By Theresa A. Hammond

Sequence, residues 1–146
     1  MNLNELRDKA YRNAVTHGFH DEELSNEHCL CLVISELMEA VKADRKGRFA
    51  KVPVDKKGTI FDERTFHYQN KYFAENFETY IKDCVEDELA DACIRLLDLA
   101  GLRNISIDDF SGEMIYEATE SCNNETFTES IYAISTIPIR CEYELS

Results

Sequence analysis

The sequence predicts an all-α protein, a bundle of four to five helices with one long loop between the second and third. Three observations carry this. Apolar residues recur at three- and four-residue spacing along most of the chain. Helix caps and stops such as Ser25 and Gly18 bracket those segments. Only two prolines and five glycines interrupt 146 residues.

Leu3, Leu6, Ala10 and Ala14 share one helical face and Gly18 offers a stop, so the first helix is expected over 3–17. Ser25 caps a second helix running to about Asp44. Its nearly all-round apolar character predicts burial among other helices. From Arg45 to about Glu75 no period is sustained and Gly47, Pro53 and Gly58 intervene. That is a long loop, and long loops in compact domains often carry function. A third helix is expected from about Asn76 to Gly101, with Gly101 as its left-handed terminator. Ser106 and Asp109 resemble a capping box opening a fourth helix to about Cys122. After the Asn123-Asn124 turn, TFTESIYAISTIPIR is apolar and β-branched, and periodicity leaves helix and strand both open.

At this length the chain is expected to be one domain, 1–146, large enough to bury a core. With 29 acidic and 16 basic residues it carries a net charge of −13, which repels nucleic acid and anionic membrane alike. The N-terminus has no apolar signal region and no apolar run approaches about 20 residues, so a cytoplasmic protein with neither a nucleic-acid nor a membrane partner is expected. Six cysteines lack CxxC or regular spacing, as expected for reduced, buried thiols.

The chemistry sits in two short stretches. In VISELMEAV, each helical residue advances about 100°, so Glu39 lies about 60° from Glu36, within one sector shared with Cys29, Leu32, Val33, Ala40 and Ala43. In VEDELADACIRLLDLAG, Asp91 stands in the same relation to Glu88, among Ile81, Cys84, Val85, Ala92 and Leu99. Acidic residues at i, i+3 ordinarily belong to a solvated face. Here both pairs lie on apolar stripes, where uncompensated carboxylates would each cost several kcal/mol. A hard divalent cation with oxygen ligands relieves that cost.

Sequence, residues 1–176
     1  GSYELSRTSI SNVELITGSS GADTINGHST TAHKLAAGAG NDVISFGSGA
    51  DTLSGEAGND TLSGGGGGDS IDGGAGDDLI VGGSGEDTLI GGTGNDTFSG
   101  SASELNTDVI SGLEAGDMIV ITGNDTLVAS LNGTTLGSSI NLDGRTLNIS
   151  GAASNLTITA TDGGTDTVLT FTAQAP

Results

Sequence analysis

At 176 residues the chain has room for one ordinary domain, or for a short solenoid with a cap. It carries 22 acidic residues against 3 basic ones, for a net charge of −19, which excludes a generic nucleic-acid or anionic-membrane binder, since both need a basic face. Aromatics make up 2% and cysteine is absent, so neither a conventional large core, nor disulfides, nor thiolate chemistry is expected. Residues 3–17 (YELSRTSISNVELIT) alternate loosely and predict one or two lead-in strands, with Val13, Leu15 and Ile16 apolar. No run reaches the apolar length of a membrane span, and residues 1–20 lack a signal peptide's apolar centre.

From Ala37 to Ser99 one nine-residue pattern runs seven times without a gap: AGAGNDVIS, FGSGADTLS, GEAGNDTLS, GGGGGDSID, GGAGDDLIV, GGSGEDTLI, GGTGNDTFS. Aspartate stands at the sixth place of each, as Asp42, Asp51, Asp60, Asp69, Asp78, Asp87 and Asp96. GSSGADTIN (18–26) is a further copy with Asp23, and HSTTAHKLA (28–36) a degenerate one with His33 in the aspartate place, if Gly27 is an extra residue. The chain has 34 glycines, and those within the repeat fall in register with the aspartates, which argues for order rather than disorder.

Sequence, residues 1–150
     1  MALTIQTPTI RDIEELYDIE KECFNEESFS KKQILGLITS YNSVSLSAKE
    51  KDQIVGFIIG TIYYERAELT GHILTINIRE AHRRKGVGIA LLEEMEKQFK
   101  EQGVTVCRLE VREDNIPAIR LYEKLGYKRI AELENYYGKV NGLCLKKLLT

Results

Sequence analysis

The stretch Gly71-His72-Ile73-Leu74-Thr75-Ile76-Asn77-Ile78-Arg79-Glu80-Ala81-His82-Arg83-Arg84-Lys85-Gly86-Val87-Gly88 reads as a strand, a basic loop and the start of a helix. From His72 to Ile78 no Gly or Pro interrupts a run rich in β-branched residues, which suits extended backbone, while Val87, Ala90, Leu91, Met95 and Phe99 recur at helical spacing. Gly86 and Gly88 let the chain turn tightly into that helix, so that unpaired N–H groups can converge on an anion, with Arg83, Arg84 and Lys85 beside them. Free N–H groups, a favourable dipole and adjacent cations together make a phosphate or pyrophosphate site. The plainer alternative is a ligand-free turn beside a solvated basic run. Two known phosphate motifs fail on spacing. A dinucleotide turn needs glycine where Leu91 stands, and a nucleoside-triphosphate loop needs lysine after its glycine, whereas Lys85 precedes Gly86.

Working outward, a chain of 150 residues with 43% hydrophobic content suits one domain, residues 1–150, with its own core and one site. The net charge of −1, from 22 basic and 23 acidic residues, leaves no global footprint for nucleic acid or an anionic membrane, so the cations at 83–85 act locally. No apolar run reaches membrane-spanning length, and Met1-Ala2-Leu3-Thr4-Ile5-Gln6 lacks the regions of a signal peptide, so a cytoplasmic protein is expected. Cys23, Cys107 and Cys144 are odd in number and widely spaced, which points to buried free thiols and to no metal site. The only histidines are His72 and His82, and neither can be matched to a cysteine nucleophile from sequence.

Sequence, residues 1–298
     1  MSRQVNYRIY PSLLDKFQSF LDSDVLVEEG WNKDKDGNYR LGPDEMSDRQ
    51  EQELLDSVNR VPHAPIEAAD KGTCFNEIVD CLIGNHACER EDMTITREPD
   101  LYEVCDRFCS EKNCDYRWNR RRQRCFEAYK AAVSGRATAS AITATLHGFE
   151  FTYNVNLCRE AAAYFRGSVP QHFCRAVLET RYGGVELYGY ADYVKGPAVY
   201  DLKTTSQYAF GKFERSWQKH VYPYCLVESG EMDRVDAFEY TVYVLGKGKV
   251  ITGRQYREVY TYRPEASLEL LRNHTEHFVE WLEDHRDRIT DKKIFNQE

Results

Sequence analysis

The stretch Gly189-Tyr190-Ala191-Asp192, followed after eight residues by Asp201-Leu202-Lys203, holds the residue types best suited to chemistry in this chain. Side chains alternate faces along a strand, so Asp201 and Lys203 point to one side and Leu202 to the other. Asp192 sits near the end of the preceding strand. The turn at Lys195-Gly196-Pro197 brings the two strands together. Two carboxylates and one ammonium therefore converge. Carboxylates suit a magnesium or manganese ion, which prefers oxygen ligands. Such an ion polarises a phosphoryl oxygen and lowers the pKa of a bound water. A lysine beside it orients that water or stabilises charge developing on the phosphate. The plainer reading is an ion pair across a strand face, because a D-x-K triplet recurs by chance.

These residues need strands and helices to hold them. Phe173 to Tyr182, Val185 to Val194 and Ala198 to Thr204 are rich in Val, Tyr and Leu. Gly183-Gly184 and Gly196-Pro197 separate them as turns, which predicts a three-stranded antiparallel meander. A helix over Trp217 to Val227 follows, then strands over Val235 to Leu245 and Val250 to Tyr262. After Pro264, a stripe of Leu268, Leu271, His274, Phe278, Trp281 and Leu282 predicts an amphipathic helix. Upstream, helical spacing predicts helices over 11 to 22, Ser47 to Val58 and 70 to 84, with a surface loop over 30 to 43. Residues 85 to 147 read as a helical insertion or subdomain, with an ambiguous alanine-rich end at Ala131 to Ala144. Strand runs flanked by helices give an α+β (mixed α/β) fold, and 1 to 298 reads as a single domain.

Drawing on interviews with pioneering black CPAs, among other sources, Hammond sets the stories of black CPAs against the backdrop of the rise of accountancy as a profession, the particular challenges that African Americans trying to enter the field faced, and the strategies that enabled some blacks to become CPAs. Prior to the 1960s, few white-owned accounting firms employed African Americans. Only through nationwide networks established by the first black CPAs did more African Americans gain the requisite professional experience. The civil rights era saw some progress in integrating the field, and black colleges responded by expanding their programs in business and accounting. In the 1980s, however, the backlash against affirmative action heralded the decline of African American participation in accountancy and paved the way for the astonishing lack of diversity that characterizes the field today.